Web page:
When a Low Carb Diet Backfires for Type 1 Diabetes was written by Christina Crowder Anderson for DiabetesMine.com, 4 March 2020. 

Low carbohydrate diets can work really well for type 1 diabetes. A plant-based low fat, high carbohydrate diet can also work really well for type 1 diabetes. Adults are entitled to choose whichever dietary pattern fits best with their life.  Most studies on restrictive diet interventions, whether for weight loss or diabetes control, show deteriorating compliance at the 1-year mark if not earlier.  So … why can low carb diets fail?

    • The protein problem:  When eating very low carb or “keto” over time, you may start to see high post-meal glucose numbers resulting from digesting so much protein. Many studies have sought to create a standardized method for insulin dosing for protein, but to date there is no recognized “best practice.” 
    • Rigid dietary restriction vs. flexible eating: The mental struggle that comes with a rigid diet has also been studied knowing that diabetes distress is a real thing.  Swearing off any one food group can lead to dichotomous thinking or the “what the heck effect” — the moment you “slip” and enjoy some carb-laden food, you can’t stop and then decide to throw in the towel because you’ve “already failed.”
    • Binge eating:  For someone who has struggled with an eating disorder, great care needs to be taken to avoid triggers like the notion that they are “on a diet” rather than a long-term approach to balanced eating.
    • Poor treatment of lows:  T1Ds are taught that if blood glucose is less than 70 mg/dL, he/she must consume 15 grams of fast acting carbohydrate, wait 15 minutes, then recheck blood glucose. At least one study has shown that using a body weight-based approached to treat lows, 0.3 g/kg glucose, is more effective.

If your low carb diet is disappointing, you could try the following:

    • Consider ‘lower carbohydrate’ versus strict low carb:  Shoot for ~90 to 130 grams per day.
    • Improve the quality of your carbs:  Aim for whole foods, rich in fiber to help buffer glucose spikes that result from carbohydrate-containing foods. Add protein and fat to your meal  and aim for most of the carbohydrates you consume to be vegetables and fibrous fruits/grains.
    • Spread carbs throughout the day:  Keeping carbohydrates to ~30 grams per meal rather than eating 60 grams in one sitting is a much better way to limit post-meal BG spikes.

Read more: When a Low Carb Diet Backfires for Type 1 Diabetes


The newest fake meat startup wants to make the ‘world’s favorite protein’ a plant, not a bird was reported by Talib Visram for FastCompany.com, 4 March 2020.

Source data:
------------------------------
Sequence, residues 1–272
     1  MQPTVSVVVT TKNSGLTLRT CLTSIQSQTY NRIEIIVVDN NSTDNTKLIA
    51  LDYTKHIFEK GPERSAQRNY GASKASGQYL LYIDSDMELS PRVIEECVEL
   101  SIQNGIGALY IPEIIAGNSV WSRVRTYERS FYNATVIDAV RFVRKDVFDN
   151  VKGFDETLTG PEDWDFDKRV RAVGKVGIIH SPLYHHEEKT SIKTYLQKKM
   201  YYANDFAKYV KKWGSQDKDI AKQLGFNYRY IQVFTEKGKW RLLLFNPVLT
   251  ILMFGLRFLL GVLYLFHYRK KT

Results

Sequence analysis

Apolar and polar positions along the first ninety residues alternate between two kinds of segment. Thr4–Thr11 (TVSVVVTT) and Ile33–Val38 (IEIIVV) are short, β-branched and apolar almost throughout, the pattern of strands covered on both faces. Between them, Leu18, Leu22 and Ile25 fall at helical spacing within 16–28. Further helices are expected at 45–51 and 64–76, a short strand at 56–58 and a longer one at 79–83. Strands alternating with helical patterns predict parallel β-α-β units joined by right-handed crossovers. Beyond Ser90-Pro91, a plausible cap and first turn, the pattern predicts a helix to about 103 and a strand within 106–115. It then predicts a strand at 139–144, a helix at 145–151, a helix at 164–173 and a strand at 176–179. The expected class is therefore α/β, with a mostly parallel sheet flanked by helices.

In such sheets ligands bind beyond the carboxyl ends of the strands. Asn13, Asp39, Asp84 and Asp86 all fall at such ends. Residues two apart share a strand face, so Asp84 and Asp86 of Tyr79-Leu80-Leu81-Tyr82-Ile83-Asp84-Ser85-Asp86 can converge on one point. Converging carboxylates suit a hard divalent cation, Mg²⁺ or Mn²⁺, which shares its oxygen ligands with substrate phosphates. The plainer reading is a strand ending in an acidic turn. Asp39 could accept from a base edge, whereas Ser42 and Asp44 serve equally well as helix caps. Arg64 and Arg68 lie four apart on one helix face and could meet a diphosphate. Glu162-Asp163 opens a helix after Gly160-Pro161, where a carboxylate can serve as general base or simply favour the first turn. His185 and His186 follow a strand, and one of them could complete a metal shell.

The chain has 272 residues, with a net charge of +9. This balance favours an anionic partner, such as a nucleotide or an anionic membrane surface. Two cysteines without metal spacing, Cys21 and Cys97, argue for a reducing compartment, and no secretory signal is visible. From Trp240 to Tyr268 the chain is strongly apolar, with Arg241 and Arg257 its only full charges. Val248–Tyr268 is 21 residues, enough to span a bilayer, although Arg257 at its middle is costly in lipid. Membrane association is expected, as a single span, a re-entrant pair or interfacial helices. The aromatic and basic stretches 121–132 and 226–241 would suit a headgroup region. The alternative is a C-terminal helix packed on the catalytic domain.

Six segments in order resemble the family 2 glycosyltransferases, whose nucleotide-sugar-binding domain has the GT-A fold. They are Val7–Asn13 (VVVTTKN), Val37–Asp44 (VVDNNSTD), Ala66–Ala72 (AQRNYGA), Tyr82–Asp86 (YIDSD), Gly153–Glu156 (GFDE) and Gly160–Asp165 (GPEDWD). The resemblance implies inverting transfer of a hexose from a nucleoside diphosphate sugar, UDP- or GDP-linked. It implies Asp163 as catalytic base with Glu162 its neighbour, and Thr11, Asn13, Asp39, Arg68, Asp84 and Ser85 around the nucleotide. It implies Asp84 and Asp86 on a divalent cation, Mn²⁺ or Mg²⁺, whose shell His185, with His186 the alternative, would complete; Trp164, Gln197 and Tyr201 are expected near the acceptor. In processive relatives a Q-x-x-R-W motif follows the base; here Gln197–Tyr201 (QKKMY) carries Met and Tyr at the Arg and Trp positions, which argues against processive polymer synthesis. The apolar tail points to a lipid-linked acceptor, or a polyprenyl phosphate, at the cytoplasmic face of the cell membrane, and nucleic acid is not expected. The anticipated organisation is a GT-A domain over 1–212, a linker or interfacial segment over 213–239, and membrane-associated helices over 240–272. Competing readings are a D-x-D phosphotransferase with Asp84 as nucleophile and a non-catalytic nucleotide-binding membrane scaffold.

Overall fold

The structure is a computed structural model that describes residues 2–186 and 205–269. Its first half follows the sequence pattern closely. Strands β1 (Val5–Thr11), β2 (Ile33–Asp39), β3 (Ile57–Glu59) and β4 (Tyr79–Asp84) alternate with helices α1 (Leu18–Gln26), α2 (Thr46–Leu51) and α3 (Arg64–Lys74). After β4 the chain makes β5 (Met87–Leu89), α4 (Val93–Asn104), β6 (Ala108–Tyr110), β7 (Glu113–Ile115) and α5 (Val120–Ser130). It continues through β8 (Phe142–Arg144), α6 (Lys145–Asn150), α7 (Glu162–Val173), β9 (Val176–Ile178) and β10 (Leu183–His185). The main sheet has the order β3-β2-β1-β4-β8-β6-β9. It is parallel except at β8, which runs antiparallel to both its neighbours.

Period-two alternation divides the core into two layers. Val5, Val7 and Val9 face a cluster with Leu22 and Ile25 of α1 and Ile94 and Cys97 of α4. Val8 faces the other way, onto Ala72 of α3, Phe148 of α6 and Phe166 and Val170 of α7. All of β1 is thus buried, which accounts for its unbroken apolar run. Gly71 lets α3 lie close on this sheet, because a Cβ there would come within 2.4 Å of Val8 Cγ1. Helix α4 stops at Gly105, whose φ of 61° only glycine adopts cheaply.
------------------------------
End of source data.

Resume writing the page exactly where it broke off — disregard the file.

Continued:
Daring is an imitation chicken, which replicates the taste and texture of the familiar fowl, and which is targeted specifically at people who love eating chicken. While many carnivores have reduced their red meat intake, on health grounds, chicken has not similarly been caught in the firing line. After all, chicken breast is “the cleanest protein on the market, other than egg white,” admits Ross Mackay, age 28, one of Daring’s two cofounders, referring to minimally processed food that is closest to its natural state, and with high nutritional value. That’s why the company is focusing on sustainability, at a time when that particular message has the attention of the masses—even those diners most disinclined to put down the drumstick.

“We have a large mission, and it’s to reduce the amount of chickens that are consumed on the planet,” Mackay says.

Originally a U.K. business, Daring moved to set up as a U.S. company because of the demand for sustainable eating, bigger market opportunity, and proven presence of plant-based products. On this side of the Atlantic, it’s attracted investors, including a major meat processor, which has helped achieve its goal to introduce e-commerce sales with next-day delivery, as well as to gain restaurant and supermarket partners.

Read more:  Plant-based chicken company Daring is going after the chicken industry

 

 

 

Switching off Cow’s Milk was discussed by Jordan Fraser for Health Tonic/Medium, 15 January 2020. 

Milk uses an enormous amount of land and water to produce, making it one of the least sustainable animal sourced products we produce.

Additionally, a cow is a very expensive animal to produce large quantities of. The expense is only made worse by the unbelievable amounts of carbon they belch into the atmosphere. The planet was never meant to house the amount of cows we’ve produced for our dairy needs.

As is the case with most things, we drink conventional milk because it’s what we’ve always done.

The recipe below froths up like conventional milk and doesn’t have any added oil, it’s really great. Use cheesecloth to strain the ingredients (might need to double layer the cheesecloth, but it works great).

Click here for recipe:  Cashew Coconut Milk by MinimalistBaker.com


Brain Aging Tied to Leisure Time Physical Activity was reported by Judy George for MedPageToday.com, 6 March 2020. 

More leisure-time physical activity — walking, gardening, swimming, or dancing, for example — was associated with larger brain volume in older adults, a cross-sectional study showed.

Adults with an average age of 75 who had the most physical activity had a total brain volume that was 1.4% larger than those with the least activity, reported Yian Gu, PhD, of Columbia University in New York City, and co-authors, in an early-release abstract from the American Academy of Neurology annual meeting, which will be held here in April.  The effect was equal to about 4 years of brain aging, Gu noted. 

“These results are exciting, as they suggest that people may potentially prevent brain shrinking and the effects of aging on the brain simply by becoming more active,” she said in a statement.

Read more:  Brain Aging Tied to Leisure Time Physical Activity

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